For BofA, billions more in legal costs from crisis
Bank of America CEO Brian Moynihan said the bank faces up to an additional $9 billion in litigation costs related to the financial crisis and mortgages beyond what it holds in reserves. The bank has $14 billion of reserves to cover rep and warranty claims for bad mortgages.
Moynihan was speaking at the Goldman Sachs Financial Services Conference in Manhattan today.
BofA has already paid $43 billion in litigation and repurchase costs related to mortgages, according to Moynihan's presentation.
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But that has settled a lot of key mortgage issues for BofA. One of the biggest is the bank's exposure to claims from Fannie Mae and Freddie Mac for mortgages they bought from various units of BofA.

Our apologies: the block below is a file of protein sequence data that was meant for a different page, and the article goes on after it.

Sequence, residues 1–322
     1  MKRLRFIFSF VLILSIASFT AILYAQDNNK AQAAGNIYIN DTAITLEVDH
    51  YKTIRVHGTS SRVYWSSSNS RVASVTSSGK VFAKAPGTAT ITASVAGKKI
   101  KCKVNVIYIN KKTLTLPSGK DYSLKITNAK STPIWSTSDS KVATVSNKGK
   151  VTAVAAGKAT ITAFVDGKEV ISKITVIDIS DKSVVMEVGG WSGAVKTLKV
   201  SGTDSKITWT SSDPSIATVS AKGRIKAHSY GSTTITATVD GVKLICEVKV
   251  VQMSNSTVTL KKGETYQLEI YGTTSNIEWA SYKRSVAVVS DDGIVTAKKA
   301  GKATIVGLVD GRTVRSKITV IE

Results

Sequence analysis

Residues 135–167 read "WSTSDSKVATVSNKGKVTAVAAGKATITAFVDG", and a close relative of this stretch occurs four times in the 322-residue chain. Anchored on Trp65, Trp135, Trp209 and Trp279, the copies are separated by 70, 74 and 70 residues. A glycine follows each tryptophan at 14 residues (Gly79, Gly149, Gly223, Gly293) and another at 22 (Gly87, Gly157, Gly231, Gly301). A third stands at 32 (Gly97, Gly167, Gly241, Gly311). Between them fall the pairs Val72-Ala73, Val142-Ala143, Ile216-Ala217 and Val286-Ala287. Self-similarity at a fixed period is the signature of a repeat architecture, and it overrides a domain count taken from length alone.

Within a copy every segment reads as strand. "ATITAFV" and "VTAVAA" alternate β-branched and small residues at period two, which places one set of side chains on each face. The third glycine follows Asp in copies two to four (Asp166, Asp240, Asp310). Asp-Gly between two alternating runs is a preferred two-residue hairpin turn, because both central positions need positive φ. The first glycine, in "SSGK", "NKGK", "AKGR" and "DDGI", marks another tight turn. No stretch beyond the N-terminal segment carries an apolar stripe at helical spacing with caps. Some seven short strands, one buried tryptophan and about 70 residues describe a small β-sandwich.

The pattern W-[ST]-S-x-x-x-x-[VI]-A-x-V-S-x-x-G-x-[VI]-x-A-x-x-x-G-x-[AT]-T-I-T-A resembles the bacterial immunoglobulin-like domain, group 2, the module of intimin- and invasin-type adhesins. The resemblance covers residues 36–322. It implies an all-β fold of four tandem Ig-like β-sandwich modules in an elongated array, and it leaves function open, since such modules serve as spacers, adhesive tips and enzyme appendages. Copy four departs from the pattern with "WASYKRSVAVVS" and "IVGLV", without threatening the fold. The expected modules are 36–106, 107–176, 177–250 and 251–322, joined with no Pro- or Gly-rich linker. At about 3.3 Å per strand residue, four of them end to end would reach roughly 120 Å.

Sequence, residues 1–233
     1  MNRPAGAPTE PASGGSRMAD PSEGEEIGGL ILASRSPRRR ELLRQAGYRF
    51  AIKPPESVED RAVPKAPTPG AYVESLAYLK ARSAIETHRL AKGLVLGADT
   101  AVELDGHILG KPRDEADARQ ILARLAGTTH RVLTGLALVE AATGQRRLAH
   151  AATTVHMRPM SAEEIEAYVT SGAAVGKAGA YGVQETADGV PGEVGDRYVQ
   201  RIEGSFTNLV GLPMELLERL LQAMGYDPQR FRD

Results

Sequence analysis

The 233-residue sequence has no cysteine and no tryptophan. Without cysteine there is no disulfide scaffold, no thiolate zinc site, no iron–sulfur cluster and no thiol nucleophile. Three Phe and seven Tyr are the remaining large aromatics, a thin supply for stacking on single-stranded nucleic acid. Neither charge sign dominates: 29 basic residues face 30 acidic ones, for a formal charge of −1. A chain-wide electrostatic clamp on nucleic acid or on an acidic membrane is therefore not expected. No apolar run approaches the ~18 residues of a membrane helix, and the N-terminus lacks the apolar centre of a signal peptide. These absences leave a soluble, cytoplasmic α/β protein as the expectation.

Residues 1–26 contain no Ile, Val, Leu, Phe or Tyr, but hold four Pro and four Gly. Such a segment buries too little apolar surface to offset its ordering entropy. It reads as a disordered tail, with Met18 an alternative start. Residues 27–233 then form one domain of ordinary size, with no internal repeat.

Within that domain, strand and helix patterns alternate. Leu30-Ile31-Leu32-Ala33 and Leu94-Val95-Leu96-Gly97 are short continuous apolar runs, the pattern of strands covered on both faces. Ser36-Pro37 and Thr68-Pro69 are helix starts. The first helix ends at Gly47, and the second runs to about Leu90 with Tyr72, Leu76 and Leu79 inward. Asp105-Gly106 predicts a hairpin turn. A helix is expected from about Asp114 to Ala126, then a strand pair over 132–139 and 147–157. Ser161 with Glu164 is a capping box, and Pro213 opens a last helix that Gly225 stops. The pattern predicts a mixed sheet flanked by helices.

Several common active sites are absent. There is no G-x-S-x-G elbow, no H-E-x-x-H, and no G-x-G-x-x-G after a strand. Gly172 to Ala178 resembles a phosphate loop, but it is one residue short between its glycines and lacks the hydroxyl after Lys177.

In addition, BofA has settled claims from mortgage insurers MBIA, Assured Guaranty and Syncora, which insured mortgages that went bad. BofA's costs also include claims from investors in mortgage-backed securities created with bad loans from Countrywide Financial, which BofA bought in 2008.
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Beyond what it has already paid, and has reserved for, BofA still expects to pay up to $5.1 billion in mortgage-related litigation costs.
Future additional costs for mortgage representations and warranties could run up to $4 billion according to Moynihan's presentation.
—By CNBC's Margaret Popper. Follow her on Twitter @popperm.